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Knotts, Don 1924–2006

KNOTTS, Don 1924–2006

PERSONAL

Original name, Jesse Donald Knotts; born July 21, 1924, in Morgantown, WV; son of William Jesse and Elsie (maiden name, Moore) Knotts; died February 24, 2006, in Beverly Hills, CA; married Kathryn "Kay" Metz, December 27, 1947 (divorced, c. 1964 or 1969); married Loralee Czuchna, October 12, 1974 (divorced, 1983); children: (first marriage) Karen Ann (an actress), Thomas Allen. Education: West Virginia University, B.A., 1948; earned a teaching degree; also attended the University of Arizona.

Addresses: Manager—Randy Bash, BNB Associates, Ltd., 8688 East Corrine Dr., Scottsdale, AZ 85260.

Career: Actor, comedian, and writer. Performer in a comedy tour with actor Tim Conway and performer at various venues. Worked as a ventriloquist early in his career. Appeared in commercials and at collectors' shows. Also worked as a chicken plucker. Military service: U.S. Army, served during World War II, including a performance as a comedian in the variety show Stars and Gripes; served in the South Pacific; received a World War II victory medal, Philippine liberation medal, Asiatic Pacific campaign medal (with four bronze stars), good conduct medal, marksman badge (with carbine bar), and an honorable service lapel pin.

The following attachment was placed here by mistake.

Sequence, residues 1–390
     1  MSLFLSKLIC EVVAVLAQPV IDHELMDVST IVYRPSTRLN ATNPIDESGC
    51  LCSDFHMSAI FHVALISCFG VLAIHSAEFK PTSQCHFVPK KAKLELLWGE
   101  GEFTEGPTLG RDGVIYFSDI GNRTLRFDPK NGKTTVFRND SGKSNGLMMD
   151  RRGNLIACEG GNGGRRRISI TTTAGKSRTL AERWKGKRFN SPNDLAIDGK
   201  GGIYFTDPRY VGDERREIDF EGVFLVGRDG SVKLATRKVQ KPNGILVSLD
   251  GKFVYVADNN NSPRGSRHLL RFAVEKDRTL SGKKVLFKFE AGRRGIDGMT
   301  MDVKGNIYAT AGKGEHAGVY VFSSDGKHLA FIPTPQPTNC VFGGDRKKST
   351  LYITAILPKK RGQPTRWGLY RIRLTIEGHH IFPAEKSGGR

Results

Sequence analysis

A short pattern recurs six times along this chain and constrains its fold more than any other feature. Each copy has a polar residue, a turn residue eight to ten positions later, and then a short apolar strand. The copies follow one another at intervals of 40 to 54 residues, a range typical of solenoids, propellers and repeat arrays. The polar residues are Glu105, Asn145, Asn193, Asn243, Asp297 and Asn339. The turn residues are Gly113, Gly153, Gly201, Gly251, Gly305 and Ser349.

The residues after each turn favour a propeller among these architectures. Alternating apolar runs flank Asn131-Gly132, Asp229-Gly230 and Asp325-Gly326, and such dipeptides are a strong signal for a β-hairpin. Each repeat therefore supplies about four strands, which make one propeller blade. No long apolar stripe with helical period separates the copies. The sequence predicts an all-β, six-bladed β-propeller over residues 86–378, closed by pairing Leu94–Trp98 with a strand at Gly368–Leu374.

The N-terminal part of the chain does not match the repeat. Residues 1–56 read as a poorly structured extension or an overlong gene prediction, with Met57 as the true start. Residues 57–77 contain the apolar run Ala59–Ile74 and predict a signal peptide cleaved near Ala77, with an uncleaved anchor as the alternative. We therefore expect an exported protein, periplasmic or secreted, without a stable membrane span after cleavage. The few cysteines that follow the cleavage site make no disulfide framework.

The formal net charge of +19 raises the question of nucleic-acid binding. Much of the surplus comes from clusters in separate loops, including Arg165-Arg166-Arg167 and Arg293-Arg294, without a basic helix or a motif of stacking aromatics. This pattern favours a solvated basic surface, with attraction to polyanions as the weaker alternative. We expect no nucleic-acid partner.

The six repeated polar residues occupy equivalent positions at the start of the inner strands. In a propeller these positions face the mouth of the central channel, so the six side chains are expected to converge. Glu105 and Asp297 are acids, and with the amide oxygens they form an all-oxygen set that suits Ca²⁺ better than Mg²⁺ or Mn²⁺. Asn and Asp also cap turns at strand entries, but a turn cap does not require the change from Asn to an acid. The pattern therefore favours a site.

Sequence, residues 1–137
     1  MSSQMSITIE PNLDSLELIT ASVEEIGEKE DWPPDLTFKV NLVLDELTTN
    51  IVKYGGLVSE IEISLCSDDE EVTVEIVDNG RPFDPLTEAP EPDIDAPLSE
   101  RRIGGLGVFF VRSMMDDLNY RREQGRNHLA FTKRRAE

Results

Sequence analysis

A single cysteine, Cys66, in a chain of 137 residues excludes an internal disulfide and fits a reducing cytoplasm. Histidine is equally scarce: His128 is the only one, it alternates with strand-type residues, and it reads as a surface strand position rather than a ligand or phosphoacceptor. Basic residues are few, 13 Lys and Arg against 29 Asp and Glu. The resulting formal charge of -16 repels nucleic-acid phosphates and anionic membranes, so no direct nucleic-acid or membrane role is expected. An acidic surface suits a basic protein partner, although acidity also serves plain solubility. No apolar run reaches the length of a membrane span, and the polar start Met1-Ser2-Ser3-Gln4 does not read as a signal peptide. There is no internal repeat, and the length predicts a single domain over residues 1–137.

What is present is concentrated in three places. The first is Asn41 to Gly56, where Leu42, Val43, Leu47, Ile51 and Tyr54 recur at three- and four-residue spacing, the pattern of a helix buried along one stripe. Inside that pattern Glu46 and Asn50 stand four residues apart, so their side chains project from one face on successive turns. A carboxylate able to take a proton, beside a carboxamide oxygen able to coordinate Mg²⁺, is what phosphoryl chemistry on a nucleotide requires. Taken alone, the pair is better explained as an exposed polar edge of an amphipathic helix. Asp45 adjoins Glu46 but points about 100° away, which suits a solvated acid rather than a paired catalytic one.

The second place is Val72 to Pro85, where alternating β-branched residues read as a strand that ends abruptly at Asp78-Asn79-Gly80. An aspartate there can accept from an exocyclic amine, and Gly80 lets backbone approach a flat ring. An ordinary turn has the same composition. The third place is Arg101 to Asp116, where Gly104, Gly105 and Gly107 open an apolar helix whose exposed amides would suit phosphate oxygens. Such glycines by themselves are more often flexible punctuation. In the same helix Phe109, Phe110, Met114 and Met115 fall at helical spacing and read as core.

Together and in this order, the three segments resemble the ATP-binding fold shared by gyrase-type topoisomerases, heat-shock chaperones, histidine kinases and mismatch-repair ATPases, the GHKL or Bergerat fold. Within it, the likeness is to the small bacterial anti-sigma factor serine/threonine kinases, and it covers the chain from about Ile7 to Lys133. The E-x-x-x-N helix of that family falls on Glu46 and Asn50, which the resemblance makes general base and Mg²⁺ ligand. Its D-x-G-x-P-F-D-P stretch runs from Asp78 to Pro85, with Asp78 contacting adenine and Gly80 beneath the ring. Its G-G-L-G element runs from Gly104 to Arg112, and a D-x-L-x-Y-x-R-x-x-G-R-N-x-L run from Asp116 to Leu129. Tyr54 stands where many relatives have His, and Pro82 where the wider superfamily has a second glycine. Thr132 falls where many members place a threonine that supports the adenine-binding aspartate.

Member: Phi Sigma Kappa.

Awards, Honors: Emmy awards, outstanding performance by an actor in a supporting role, 1961, 1962, 1963, 1966, and 1967, all for The Andy Griffith Show; nomination for Golden Laurel, top male new face, Laurel awards, Producers Guild of America, 1964; nomination for Golden Laurel, outstanding male comedy performance, 1967, for The Reluctant Astronaut; Don Knotts Boulevard named in his honor in Morgantown, WV, 1998; received a star on the Hollywood Walk of Fame, 2000.

CREDITS

Television Appearances; Series:

Wilbur Peterson, Search for Tomorrow, CBS, 1953–55.

Tim Tremble, Howdy Doody, NBC, beginning 1954.

Mr. Morrison, The Steve Allen Show (also known as The Steve Allen Plymouth Show), NBC, 1959–60.

Barney Fife, The Andy Griffith Show (also known as Andy of Mayberry), CBS, 1960–65.

Member of ensemble, The New Steve Allen Show, ABC, 1961.

Host, The Don Knotts Show, NBC, 1970–71.

Multiple roles, Laugh Back (also known as Steve Allen's "Laugh Back" and Steve Allen's "Laughback"), syndicated, 1976.

Ralph Furley, Three's Company, ABC, 1979–84.

Principal F. Jerry "Bud" McPherson, What a Country!, syndicated, 1986–87.

Les "Ace" Calhoun, Matlock, NBC, c. 1988–90.

Voice of vice principal Lamar Bone, Doug (animated; also known as Brand Spanking New! Doug and Disney's "Doug"), Nickelodeon and The Disney Channel, beginning c. 1996.

Also appeared in The Garry Moore Show, CBS.

Television Appearances; Movies:

Alexander Archer, I Love a Mystery, NBC, 1973.